Ice Brent changes prove a hard pill to swallow

Brent crude oil futures

Commodity exchanges have one central goal in life: to list contracts that are heavily traded, with prices perceived as benchmarks for their respective underlyings. By that standard, Atlanta-based Ice should be quite happy about its Brent crude oil futures, which enjoy open interest in excess of 1.5 million contracts and are often seen as a better benchmark for global oil prices than their chief rival, the West Texas Intermediate futures offered by Chicago-based CME Group.

But there are downsides to having a hugely popular and highly liquid futures contract. For instance, if you need to make a fix to it, you run the risk of irritating a large number of market participants.

That is the quandary Ice faces, as it seeks to remedy a divergence that has emerged between the Brent futures expiry calendar and the underlying physical market (see box, below).

Ice's new initiative follows the failure of an earlier attempt to address the issue by launching an entirely new contract. In December 2011, the exchange launched Brent NX – a name that stands for ‘new expiry' – with expiration dates that matched the physical calendar. Ice encouraged market participants to adopt the new contract, but few did so, and liquidity in Brent NX remains poor.

On December 6, Ice will implement a plan that takes a different approach. Instead of setting up a parallel contract, Ice will modify the expiration dates of existing Brent futures and options, beginning in the March 2016 contract month and extending onward throughout the Brent futures curve. The change involves shifting the expiration dates of the affected contracts to roughly 15 days earlier than where they currently stand. Ice initially proposed its plan in a circular released on September 9 and finalised it on October 17, following feedback from market participants.

What Ice can do with participants in its markets is not something that we can do with our clients

While shifting the expiration dates might not seem like a big change, some market sources fear it will be a back-office nightmare, as firms with large positions in Brent attempt to revalue their books and push the change through their IT systems. Moreover, the prospect of the shift has created uncertainty in the over-the-counter market and sharply diminished liquidity in long-dated Brent options, complain market participants.

Winners and losers

The complication in Ice's proposal is that shifting the expiration date of a futures or options contract changes its valuation. Some market participants will find their Brent contracts have gained in value overnight when the expiration dates change, while others will find their contracts have become less valuable. While it is difficult to say how much value will change hands, most traders expect it to be relatively small and far less than $1 per barrel for any individual contract. Still, all those pennies are likely to add up, particularly for banks and other large market participants with positions throughout the forward curve. "If the positions are big enough, it becomes a real profit-and-loss event," says a New York-based oil derivatives broker.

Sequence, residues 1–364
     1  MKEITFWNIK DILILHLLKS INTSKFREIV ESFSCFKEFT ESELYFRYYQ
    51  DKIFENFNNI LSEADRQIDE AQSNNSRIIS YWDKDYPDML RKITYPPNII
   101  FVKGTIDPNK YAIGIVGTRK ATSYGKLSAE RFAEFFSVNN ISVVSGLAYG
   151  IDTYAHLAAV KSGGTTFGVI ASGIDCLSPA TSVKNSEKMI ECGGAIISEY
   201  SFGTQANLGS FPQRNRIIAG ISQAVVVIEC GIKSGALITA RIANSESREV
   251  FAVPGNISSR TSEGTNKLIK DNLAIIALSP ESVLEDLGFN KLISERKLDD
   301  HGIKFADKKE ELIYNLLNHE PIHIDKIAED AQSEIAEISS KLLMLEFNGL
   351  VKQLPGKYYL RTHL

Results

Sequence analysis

To keep everyone happy, Ice is proposing a compensation mechanism in which firms that benefit from the shift in expiration dates would make cash payments to firms that lose out. The payments would be processed automatically through Ice's clearing house, making the compensation process relatively seamless for Brent instruments traded via Ice.

Much of Ice's September 9 circular is devoted to the details of the cash compensation mechanism. The formula is relatively simple for Brent futures, which will be adjusted by an amount that depends on the slope of the forward curve at the contract's expiration date. But for Brent options, the adjustments are much more complex, triggering concern from some quarters. Broadly speaking, participants holding long positions in Brent options would stand to lose out from a decrease in the time value of the options, while firms with short positions would stand to benefit.

"The amount of work required to reprocess the position information is going to be a lot bigger for options than for futures, because the methodology they have proposed to revalue the options requires you to run a check on any strike price that you have in your portfolio," says Claude Philoche, Paris-based co-head of energy markets at Société Générale Corporate & Investment Banking (SG CIB). "So that's much more work than just for futures. It's a two-dimensional problem."

Peter Davidsson, New York-based global head of oil options at Morgan Stanley, says Ice's methodology for calculating the cash compensation payments is sound. "The mechanics of how Ice is going to value-adjust the futures and options seem reasonable," he says. "It's a fairly straightforward exercise to work out what they should be worth based on the new expiry dates."

Even if Ice's methodology is mathematically sound, implementing the compensation mechanism will be messy, according to market participants and consultants familiar with energy trading and risk management (ETRM) systems.

"It's logical, it all works, at the end of the day no-one is hurt, but administratively it's a hassle," says a New York-based oil market source. "It has put a lot of burden on the futures commission merchants to administer this thing and start moving cash balances around. It's just not a pretty situation."

Paradoxically, the firms that could be hurt the most are those with positions that gain in value, because they will be called upon to make actual cash payments, while their gains remain unrealised.

"Let's say the value of my options goes down by $200,000," he says. "I get a $200,000 cash credit from the other side to make me whole. Theoretically, I'm happy, because my cash position plus my mark-to-market value stayed exactly the same when they changed that settlement date. But you've got to think about it from the other side, too. They're getting $200,000 taken out of their cash account and going into their options value."

Such a move would reduce the amount of cash firms have at their disposal – potentially forcing them to liquidate futures or options positions, he adds.